Pop culture obsessives writing for the pop culture obsessed.
Pop culture obsessives writing for the pop culture obsessed.

The Killing: “Scared And Running”

Illustration for article titled The Killing: “Scared And Running”

This episode starts with a man discovering the tattered body of a terrified young woman stretched out across a moonlit road, begging for help. Then headlights appear, and the man never gets the chance to offer said help. I don’t want to say that this opening is so The Killing-esque that it almost counts as the show’s homage to itself, mainly because I’m not sure it would sound like a compliment, but I don’t mean it as a put-down. This show knows what it is and what it does well, and if it’s never going to take any land-speed records in narrative drive, it keeps slogging forward, in a way that instills confidence in a viewer that the loose ends will come together and the trips down random alleyways will lead somewhere. The image if the imperiled girl on the empty road in the woods is a reminder of the strengths of that first-season pilot that got everyone so excited two years ago, but it’s also in keeping with the mood and plot details of the current season. And before you know it, it yields the reward that we’ve all been hoping for: Linden and Holder, sitting in a parked car together, at a crime scene.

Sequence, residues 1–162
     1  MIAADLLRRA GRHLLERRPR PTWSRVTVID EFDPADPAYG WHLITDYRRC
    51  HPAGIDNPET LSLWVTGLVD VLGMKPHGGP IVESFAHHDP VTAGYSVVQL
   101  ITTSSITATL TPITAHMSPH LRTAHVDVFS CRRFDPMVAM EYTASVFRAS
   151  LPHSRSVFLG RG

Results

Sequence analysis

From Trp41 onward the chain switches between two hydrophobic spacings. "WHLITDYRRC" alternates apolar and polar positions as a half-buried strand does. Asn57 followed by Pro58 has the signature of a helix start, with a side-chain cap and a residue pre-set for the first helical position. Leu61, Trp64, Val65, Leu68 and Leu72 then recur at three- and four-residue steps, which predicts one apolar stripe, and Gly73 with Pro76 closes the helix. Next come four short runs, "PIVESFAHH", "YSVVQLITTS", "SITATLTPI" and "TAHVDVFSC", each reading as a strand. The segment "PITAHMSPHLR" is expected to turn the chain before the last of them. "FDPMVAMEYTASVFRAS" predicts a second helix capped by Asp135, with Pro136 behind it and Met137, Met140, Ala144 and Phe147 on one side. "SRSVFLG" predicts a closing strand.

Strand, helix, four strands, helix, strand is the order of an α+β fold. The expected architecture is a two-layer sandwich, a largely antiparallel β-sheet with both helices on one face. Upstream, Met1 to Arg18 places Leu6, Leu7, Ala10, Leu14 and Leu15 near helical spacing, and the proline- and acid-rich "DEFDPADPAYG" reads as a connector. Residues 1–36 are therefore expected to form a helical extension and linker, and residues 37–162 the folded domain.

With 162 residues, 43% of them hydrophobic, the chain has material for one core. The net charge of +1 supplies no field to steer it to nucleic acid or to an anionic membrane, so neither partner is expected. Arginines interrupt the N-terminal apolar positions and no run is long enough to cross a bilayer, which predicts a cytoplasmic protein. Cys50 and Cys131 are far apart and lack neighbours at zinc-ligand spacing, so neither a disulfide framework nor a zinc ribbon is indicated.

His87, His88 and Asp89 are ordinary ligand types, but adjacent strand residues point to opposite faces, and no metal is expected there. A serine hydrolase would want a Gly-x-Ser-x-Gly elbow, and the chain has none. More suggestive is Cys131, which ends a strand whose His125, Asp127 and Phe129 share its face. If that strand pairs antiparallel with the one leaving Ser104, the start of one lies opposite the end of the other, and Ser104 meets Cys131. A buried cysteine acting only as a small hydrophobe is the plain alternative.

I had a hunch we’d get here sooner or later, but I didn’t know how Holder’s current partner, Riddick, would be ushered out of the way. Maybe he’d just clutch his chest and keel over, like the guy who was blocking Jane Tennison’s career advancement on Prime Suspect? Maybe he’d get the picture and take early retirement, or lose his shit and run through the station house naked? Or maybe he’d get a hero’s send-off, and take a bullet in the line of duty? If it’s option [A.] or [B.], they haven’t found the body yet, and need to send someone to scope out his apartment; tonight, his absence is duly noted, and dismissed with a shrug. I was kind of surprised at how little I missed him. At its best, The Killing generates enough interest in its characters that it can get by with depicting Seattle as a rain-soaked charnel house without seeming nihilistic. The uneasy warmth between Linden and Holder is the heart of the episode, but it’s an uncertain, jittery heart, because the two of them are no longer sure what they are to each other.

With her son living away from her in Chicago, all the dead and ill-used children she’s had to look at already have Linden’s nerve endings raw and exposed. Holder, always well-meaning and getting it about 85 percent of the time, tells her that he talks to “Little Man” regularly, and that it sure is great that he’s so happy and has adapted so well to Chi-Town; it seems, he says, like he sounds happier every week. Linden, never the world’s most agile liar, does her limited best to sound as if she agrees that it’s terrific that Jack isn’t curled up in a fetal ball from the agony of missing her. And Linden, who never felt threatened by Riddick, who she doesn’t respect enough to allow that he had really displaced her as Holder’s partner, is just beginning to pick up on the fact that Holder’s real partner on this case is the street kid, Bullet, who is out tracking down all the good leads, and whose tolerance for being around cops is sorely tested when Holder gently suggests that maybe, since it’s the middle of the night, they should suspend the search for Bullet’s friend Kallie until the morning and look at everything again when they’re not exhausted and sleep-deprived. (Her version of “Permit me to retort” is to punch him in groin.)